On new year’s eve Blaine (who had some local friends from previous visits) told us that the party would be at Sundowners and that we should join him, which of course we did. We arrived fairly early, after a few strong margaritas with Barbara. A few beers later one of us found out that we had not eaten anything, so we went out for some street food (tacos). 20150101-1When we came back the party had really started with live bands and loads of people and we had a lot of fun. At midnight we were standing at the beach watching the fireworks, having a sigar and a lot of hugs going around. At 2 am the party and we started to be a little slower so we desided to go skinny dipping. We found a small beach by Reef Gliders, but the water was so shallow that we could barely swim. Still refreshing and fun though! We ended the party back home on the first floor balcony.

20150107-1-2The last full day Barbara and Fredrik left the Bed & Breakfast for a haircut at 0930 (payment for wide angle photos of the guest rooms). This became a full day of driving taxi back and forth between the supermarket, bank and funiture shop trying to get a new mattress for one of the rooms. They came home with all the ingrediences for a great omelet breakfast our last day, locally produced organic chocolates, delicious ice cream and everything needed to make Bloody Mary’s. We really made the most of the rest of our time there, and even managed to convince Barbara to join us to the Blue Marlin in the evening. Lots of our dive friends were there, so we got to say goodbye to pretty much everyone. 20150109-1Our flight was leaving at 1215 pm, and we delayed the departure to the airport as long as possible so that we had time for one last “family breakfast” with these amazing people. It was really sad to say goodbye, but we have already made plans to meet everyone again. Can’t wait!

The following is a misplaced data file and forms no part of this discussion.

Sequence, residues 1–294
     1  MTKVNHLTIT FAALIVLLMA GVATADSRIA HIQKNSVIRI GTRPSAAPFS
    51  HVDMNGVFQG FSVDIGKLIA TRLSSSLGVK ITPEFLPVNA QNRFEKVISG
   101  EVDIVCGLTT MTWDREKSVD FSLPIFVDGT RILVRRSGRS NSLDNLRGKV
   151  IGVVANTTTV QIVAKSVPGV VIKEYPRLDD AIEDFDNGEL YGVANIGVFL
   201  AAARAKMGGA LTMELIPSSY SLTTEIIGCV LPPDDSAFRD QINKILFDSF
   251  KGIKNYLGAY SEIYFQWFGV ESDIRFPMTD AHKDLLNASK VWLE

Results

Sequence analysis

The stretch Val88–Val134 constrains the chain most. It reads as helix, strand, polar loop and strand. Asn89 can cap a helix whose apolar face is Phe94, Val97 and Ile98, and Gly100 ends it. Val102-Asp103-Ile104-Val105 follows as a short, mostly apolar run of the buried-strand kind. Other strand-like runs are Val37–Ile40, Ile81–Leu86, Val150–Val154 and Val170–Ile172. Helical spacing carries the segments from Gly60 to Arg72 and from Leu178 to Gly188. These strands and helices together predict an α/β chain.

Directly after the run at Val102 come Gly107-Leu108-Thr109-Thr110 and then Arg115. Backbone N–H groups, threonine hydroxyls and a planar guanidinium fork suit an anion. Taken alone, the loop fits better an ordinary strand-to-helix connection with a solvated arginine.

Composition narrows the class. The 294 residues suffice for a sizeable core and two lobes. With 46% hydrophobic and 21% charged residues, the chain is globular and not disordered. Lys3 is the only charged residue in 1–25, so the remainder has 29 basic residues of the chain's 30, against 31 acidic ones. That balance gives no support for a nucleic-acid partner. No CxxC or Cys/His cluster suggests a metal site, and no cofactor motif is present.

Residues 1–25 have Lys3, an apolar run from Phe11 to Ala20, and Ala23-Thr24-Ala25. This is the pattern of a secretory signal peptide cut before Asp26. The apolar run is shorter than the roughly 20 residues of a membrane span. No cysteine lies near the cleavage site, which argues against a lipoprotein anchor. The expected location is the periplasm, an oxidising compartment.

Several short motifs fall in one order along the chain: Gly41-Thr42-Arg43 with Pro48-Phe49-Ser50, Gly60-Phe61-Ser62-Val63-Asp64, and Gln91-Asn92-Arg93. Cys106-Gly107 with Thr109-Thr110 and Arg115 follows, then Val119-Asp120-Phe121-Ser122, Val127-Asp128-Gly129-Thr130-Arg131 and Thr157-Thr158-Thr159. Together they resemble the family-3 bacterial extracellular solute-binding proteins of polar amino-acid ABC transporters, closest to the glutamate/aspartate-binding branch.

Antigua

20150111-1The owner of our hotel picked us up at the airport in Guatemala City, and we arrived in Antigua just before dusk. This is a small city (population around 35000) in the central highlands of Guatemala. It has an elevation of 1530 meters, which makes it quite a bit colder than where we came from. During the days it got pretty warm in the sun though, so after getting over the initial shock we enjoyed it a lot.